Dealing with Haves and Have-nots
Posted on February 28, 2006
Oscar A. Barbarin (bio) describes potential imbalances in international collaborations.
I think you have to deal with the issue of the haves and the have-nots, that there's an asymmetry in the relationship. Often American students have access to grants, have access to travel funds, are wealthier than the typical [South African] scholars. Many of them are beleaguered. They have very high teaching demands. Many of the developing countries, they do have computers, but they don't have easy access to the Internet. They don't have all the resources that we often take for granted.
So sometimes that can create sort of an unrecognized tension in the relationship. Either because the American collaborator assumes that their collaborator in the third world has access to these things, and assume that they can do x, y, or z, when in fact they can't because they don't have the resources. That can create some tension. Or the fact that [in] this relationship you come in the wealthy cousin. It's sort of like what many people experience like the American tourist when the dollar was high and [they were] buying up everything and taking for granted their wealth.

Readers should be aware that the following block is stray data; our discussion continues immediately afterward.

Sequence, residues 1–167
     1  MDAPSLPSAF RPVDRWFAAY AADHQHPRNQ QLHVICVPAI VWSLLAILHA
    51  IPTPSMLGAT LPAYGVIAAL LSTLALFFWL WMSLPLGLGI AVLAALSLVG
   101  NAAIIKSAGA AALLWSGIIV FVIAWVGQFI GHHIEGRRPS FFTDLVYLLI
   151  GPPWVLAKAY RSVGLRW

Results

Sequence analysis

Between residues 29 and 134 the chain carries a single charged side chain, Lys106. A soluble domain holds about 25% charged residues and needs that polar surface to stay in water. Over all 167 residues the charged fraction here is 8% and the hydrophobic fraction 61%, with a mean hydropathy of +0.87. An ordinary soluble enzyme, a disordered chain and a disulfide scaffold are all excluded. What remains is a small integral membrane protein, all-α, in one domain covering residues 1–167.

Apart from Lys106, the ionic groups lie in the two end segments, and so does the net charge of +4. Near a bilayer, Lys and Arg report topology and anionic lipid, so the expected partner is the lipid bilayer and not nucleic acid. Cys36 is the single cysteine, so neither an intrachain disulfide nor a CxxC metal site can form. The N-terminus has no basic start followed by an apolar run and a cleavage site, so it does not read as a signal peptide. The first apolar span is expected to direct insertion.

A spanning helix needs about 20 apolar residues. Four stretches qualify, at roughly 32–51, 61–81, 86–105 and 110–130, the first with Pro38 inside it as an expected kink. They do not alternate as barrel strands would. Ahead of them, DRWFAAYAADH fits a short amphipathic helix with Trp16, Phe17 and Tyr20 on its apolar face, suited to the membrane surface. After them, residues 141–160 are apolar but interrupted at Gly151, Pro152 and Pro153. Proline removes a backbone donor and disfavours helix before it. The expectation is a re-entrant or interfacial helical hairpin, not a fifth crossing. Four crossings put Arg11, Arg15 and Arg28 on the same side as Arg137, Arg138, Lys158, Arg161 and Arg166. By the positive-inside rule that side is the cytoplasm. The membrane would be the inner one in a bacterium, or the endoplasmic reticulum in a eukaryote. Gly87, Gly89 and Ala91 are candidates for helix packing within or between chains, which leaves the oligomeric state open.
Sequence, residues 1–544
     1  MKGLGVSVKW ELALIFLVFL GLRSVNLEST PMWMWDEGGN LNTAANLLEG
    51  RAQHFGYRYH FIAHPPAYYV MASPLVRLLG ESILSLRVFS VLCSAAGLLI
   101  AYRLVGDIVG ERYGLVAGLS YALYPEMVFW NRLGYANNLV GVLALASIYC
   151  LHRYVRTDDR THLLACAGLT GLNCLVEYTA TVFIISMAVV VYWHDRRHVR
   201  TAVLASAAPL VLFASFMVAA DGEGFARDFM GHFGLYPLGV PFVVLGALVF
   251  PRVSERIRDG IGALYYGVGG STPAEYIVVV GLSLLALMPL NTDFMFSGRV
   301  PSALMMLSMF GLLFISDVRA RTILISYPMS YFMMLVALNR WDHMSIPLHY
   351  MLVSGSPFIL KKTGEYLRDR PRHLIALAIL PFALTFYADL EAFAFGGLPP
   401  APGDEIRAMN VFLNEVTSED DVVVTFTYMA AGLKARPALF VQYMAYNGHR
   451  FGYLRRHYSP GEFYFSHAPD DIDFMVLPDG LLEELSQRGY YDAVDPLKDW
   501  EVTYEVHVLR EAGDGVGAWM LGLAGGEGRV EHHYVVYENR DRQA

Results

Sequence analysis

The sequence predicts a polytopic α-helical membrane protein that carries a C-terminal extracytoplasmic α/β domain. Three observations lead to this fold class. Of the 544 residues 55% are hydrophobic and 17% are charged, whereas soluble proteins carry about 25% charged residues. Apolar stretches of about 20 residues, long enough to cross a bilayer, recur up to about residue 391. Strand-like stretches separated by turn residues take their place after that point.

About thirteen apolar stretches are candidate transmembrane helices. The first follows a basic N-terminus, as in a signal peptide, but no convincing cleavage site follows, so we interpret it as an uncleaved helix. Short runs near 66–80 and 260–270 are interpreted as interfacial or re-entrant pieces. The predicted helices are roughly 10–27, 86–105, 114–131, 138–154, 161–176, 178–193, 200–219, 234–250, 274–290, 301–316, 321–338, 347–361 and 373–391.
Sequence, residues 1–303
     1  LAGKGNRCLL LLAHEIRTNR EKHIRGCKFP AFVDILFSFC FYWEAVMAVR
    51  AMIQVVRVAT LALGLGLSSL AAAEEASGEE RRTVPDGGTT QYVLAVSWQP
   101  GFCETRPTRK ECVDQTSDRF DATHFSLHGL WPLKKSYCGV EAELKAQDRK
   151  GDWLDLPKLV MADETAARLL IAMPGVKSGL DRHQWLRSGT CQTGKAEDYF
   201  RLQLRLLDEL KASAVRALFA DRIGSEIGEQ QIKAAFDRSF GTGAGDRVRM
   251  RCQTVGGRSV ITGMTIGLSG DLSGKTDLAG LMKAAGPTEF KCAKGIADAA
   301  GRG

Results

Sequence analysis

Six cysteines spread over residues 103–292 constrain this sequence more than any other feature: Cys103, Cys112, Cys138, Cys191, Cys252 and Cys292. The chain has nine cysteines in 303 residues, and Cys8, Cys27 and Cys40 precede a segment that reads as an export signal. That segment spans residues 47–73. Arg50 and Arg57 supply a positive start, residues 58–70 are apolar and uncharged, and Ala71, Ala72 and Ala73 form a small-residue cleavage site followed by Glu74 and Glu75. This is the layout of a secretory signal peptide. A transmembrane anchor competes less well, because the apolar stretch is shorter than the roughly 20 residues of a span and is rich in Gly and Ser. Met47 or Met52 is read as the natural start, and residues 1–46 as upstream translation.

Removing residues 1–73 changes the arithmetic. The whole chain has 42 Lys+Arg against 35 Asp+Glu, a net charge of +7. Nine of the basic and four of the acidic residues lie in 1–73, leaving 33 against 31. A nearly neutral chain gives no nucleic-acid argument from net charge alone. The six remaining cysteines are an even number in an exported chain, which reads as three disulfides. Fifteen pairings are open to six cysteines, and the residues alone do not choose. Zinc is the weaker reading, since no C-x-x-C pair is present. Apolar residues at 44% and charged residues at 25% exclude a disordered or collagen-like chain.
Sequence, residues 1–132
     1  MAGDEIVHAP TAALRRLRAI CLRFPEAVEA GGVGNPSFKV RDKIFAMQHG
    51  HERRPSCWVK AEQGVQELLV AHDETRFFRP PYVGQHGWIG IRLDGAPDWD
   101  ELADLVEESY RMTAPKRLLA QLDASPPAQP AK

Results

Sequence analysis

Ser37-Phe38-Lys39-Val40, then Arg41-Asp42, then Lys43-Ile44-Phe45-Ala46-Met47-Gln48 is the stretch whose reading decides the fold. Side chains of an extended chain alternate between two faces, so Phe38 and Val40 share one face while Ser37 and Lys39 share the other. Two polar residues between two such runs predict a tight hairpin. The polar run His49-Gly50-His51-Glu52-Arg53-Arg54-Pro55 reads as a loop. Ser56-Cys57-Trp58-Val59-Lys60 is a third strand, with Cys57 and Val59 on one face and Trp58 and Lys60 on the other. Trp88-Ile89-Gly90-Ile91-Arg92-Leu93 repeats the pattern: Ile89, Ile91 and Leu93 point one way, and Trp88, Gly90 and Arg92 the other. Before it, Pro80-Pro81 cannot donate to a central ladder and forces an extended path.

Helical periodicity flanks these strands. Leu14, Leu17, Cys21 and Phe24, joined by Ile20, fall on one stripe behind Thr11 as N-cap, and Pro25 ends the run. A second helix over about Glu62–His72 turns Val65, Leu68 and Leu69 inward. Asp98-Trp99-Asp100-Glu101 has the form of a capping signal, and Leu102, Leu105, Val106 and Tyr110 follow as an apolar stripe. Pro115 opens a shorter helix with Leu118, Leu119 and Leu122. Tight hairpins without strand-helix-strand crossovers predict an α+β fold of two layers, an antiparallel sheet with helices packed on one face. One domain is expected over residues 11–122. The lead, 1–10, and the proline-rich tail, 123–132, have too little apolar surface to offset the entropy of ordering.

It seems to me that recognizing it, being generous, and at the same time not assuming that other people have easy access to funds and to resources is quite critical in developing this relationship. I think connecting on a personal level, things like bringing pictures of your family, your pets, talking about what your life is like, becoming a person to them is really very important. So it's all of those levels, recognizing your status, being a person, and being flexible I think.
Excerpted from interview with researcher in April 2005.
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